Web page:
Prayer and social media: Series introduction

Posted Feb 20, 2013 | New Media Project

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By Verity A. Jones


This week, we begin a six-week Lenten series, Prayer and social media.

“I have a friend who stopped posting Facebook statuses and reads them as her prayer journal instead … like that’s her prayer time as she reads X number of statuses,” says Susie Shaefer, a young Episcopal clergy woman. “I have another friend who starts all of her Facebook statuses with her prayer list, like ‘Elaine is praying for blah, blah, blah, period,’ and then her status update, ‘great morning at church. I can’t wait for the picnic’” (from “Webs of interconnectivity: Inhabiting the world of The Young Clergy Women Project,” New Media Project case study, 2012).

Christian prayer practices and beliefs vary widely from tradition to tradition, region to region, and, of course, person to person. From communal prayer in local worship to public prayer in the public square, from individual prayer before bedtime to family prayer before a meal, ‘prayer’ is defined differently in various contexts, and through many theological lenses. Harry Emerson Fosdick described prayer as, “neither chiefly begging for things, nor is it merely self-communion; it is that loftiest experience within the reach of any soul, communion with God” (The Meaning of Prayer, Fosdick, Association Press, 1920).

One’s beliefs about God do begin to come into focus as one thinks about what prayer is—Is God one who delivers requests? Is prayer meant to change us or does it impact God? What does it mean for God to answer prayers? What kind of God doesn’t relieve the suffering of a struggling soul on her knees in prayer? How do the promises of God in scripture engage the supplicant?

What then happens when we introduce entirely new communication media like social media into these questions? Is the range of Christian prayer discipline and belief wide enough to include those that occur mostly or solely online? Are social media the kind of media that can aide prayer, or do they hinder prayer? Even if we just considered Fosdick’s definition of prayer as communion with God, can it happen online? Can we commune with God in a digital format?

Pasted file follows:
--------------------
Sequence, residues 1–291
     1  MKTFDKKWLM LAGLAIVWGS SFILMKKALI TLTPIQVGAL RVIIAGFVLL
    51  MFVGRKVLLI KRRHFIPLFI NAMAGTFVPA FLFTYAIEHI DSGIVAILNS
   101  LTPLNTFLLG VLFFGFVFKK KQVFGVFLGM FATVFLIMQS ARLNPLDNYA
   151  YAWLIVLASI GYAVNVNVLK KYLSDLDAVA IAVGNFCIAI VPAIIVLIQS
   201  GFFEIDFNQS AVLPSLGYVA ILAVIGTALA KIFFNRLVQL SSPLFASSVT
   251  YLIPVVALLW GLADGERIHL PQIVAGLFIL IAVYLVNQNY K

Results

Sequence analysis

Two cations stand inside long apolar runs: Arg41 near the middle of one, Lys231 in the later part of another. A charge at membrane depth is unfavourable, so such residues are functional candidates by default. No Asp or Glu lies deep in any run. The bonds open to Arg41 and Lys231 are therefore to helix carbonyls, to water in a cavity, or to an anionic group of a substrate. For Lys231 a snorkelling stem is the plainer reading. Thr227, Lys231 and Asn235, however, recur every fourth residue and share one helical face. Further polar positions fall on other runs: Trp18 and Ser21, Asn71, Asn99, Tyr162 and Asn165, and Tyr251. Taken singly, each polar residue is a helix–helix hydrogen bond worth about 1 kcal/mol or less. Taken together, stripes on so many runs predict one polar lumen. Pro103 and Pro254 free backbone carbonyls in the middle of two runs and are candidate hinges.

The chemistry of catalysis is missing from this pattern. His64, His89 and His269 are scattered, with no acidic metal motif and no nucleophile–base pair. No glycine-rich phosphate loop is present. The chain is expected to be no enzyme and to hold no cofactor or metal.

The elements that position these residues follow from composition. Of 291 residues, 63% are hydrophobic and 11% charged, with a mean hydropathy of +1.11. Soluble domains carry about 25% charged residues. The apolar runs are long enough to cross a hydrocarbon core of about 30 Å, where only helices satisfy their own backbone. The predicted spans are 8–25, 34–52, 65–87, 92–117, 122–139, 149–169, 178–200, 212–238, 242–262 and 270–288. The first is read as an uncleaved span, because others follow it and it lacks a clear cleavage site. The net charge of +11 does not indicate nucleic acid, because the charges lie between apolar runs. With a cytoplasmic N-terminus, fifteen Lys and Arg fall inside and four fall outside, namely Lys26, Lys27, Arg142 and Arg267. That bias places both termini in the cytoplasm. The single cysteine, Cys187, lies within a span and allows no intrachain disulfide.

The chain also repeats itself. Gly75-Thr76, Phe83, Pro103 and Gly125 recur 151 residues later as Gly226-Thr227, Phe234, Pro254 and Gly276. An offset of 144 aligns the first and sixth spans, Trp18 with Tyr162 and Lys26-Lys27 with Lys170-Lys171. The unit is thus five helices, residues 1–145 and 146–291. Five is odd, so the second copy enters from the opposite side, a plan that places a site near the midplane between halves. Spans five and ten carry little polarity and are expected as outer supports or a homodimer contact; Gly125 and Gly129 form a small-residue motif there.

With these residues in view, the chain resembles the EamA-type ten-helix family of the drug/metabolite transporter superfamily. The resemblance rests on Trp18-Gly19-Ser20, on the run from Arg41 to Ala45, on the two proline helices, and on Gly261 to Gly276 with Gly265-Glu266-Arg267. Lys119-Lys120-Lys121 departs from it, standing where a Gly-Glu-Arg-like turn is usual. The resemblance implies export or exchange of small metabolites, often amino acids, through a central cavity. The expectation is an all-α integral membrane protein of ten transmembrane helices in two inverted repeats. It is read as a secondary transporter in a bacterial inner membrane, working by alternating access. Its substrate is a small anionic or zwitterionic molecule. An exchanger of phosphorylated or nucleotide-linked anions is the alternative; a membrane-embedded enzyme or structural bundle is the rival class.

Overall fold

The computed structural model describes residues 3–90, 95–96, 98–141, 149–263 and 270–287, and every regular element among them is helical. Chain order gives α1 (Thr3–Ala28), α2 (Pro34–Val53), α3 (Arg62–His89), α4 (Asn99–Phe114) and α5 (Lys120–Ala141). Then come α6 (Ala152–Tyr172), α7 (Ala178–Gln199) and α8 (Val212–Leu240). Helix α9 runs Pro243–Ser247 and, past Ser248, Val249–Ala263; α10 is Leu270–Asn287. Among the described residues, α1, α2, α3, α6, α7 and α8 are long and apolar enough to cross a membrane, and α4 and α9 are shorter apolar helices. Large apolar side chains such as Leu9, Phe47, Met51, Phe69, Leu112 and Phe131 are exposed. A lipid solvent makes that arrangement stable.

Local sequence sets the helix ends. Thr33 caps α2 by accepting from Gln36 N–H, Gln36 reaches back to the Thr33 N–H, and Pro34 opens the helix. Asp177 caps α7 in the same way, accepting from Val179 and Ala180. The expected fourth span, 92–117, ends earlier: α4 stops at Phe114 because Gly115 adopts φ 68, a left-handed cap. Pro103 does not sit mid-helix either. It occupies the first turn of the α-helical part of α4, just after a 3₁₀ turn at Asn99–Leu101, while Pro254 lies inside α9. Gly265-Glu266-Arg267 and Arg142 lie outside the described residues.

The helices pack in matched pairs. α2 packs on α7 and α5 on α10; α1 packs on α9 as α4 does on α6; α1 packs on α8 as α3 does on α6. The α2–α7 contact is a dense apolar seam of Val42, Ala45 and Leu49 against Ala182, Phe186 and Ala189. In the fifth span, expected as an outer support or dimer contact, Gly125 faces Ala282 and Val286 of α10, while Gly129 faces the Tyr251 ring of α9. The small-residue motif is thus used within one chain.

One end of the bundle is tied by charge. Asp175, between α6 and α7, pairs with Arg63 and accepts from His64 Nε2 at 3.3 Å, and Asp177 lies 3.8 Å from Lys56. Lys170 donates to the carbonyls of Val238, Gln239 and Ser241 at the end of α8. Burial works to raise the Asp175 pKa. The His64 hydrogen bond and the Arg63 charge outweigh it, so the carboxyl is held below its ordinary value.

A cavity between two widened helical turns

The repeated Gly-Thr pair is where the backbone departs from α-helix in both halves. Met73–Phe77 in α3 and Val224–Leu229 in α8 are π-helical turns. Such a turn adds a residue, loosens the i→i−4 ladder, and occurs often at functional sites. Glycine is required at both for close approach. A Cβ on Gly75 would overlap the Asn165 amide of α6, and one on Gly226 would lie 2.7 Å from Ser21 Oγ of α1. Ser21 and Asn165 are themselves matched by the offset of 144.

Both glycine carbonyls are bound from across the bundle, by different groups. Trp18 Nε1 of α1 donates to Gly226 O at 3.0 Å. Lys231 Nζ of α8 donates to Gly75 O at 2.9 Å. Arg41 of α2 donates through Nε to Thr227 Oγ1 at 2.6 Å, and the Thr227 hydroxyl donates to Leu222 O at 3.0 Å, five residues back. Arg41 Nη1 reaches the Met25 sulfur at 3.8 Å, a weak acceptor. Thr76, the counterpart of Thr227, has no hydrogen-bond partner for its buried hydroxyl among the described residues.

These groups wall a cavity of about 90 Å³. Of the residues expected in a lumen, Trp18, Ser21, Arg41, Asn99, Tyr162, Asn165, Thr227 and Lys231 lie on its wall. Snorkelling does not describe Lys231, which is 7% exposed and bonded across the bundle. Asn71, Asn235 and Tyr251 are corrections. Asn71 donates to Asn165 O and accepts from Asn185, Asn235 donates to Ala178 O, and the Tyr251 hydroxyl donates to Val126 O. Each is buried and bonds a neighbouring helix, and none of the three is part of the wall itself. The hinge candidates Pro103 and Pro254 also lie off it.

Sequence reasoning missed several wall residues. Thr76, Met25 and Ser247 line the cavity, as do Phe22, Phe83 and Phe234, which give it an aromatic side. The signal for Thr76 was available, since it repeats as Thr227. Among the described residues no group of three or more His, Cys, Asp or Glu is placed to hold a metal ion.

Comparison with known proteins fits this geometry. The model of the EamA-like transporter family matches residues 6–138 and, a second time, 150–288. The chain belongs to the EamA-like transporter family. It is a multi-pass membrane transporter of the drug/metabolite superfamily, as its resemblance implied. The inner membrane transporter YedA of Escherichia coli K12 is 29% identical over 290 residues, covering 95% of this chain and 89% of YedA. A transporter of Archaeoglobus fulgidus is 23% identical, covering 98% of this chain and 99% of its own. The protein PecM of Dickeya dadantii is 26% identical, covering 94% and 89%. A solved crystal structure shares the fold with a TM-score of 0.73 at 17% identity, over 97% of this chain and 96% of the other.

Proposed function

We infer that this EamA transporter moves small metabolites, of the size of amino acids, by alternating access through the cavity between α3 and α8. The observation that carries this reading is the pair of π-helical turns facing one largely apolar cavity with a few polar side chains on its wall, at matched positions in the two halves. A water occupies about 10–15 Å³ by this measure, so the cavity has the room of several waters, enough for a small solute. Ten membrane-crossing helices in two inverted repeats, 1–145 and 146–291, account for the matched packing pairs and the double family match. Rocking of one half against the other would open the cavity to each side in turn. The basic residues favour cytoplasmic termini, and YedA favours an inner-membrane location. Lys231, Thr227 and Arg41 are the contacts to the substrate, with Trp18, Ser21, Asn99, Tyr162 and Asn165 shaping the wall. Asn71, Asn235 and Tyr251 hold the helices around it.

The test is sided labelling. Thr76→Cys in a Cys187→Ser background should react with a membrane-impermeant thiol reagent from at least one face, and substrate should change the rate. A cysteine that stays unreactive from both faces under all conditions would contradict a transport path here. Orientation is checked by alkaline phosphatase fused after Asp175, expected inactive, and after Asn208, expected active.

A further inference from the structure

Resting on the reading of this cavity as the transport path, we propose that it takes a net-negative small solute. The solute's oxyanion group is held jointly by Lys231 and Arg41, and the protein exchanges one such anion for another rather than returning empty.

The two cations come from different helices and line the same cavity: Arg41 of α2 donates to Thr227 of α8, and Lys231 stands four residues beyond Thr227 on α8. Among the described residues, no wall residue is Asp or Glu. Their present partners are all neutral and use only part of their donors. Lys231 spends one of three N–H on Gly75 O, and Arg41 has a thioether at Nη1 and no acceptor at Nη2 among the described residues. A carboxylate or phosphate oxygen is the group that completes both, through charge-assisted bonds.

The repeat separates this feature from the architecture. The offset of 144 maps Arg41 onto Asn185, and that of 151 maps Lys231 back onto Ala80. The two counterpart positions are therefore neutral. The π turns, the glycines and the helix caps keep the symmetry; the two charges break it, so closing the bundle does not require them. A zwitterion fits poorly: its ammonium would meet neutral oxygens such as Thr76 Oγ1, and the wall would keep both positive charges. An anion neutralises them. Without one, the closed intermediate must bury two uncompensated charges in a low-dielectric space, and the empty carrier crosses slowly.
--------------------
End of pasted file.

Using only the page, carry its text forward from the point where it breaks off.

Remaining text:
This blog series on Prayer and Social Media will consider some of these questions as the writers address the topic from their own various theological and ecclesiological perspectives. For example, next week Jim Rice will write from a Mennonite/Anabaptist perspective, and he will undoubtedly raise new questions for the following writers as he engages these questions.

Probably what you won’t find in this series is a list of websites that offer prayer resources. That’s a bit too much like taking an old resources and repackaging them for a new day, and that’s easy enough to search on your own. We want to get at something deeper—does prayer happen differently in a world shaped by social media? We may offer a list of websites and platforms that can help us think creatively about the intersection of prayer and social media. And maybe some good ideas about how to be prayerful while using social media. Susie Shaefer said she and her younger clergy colleagues want to know what to do to make their use of technology prayerful. That’s a great question.

I’ll close with another story from a New Media Project case study for our ponderings on prayer:

Nadia Bolz-Weber, pastor of House for All Sinners and Saints in Denver, told about “the church starting a Google prayer group, so that members can log on and tell their ill companion she’s being prayed for. That way one can watch as a prayer chain forms visibly before her eyes. Bolz-Weber [reflected] that pastoral care is communal, not simply individual, and can come in short increments—in precisely the sort of attention-span-deprived bursts in which newer generations specialize. … The beneficiary of the Google thread laying out the community’s prayer commented this way: ‘Thanks for all your prayers and support. It’s my first experience with the support of a Christian community (well, any community for that matter) and its pretty … amazing’” (from “Case study report on House for All Sinners and Saints,” New Media Project, 2011).

Verity A. Jones is the executive director of the Center for Pastoral Excellence at Christian Theological Seminary, Indianapolis, and project director of the New Media Project which is now part of this new Center.

The New Media Project is a research project helping religious leaders become theologically savvy about technology. To request permission to repost this content, please contact newmediaproject@cts.edu.

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